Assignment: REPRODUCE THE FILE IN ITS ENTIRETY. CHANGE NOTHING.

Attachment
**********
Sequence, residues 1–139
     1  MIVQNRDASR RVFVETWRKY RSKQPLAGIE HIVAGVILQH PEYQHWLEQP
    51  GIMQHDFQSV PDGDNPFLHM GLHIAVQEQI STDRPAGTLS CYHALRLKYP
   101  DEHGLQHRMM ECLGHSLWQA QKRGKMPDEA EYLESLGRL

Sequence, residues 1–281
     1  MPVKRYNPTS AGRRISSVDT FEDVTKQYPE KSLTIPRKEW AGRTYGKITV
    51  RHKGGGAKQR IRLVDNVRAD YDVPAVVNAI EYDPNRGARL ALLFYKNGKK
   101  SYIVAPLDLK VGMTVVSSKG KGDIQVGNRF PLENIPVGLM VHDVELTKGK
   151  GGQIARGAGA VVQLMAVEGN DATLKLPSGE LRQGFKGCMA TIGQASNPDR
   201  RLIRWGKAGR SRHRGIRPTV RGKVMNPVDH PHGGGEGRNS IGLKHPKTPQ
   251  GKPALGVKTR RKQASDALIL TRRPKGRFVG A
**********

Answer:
Sequence, residues 1–139
     1  MIVQNRDASR RVFVETWRKY RSKQPLAGIE HIVAGVILQH PEYQHWLEQP
    51  GIMQHDFQSV PDGDNPFLHM GLHIAVQEQI STDRPAGTLS CYHALRLKYP
   101  DEHGLQHRMM ECLGHSLWQA QKRGKMPDEA EYLESLGRL

Sequence, residues 1–281
     1  MPVKRYNPTS AGRRISSVDT FEDVTKQYPE KSLTIPRKEW AGRTYGKITV
    51  RHKGGGAKQR IRLVDNVRAD YDVPAVVNAI EYDPNRGARL ALLFYKNGKK
   101  SYIVAPLDLK VGMTVVSSKG KGDIQVGNRF PLENIPVGLM VHDVELTKGK
   151  GGQIARGAGA VVQLMAVEGN DATLKLPSGE LRQGFKGCMA TIGQASNPDR
   201  RLIRWGKAGR SRHRGIRPTV RGKVMNPVDH PHGGGEGRNS IGLKHPKTPQ
   251  GKPALGVKTR RKQASDALIL TRRPKGRFVG A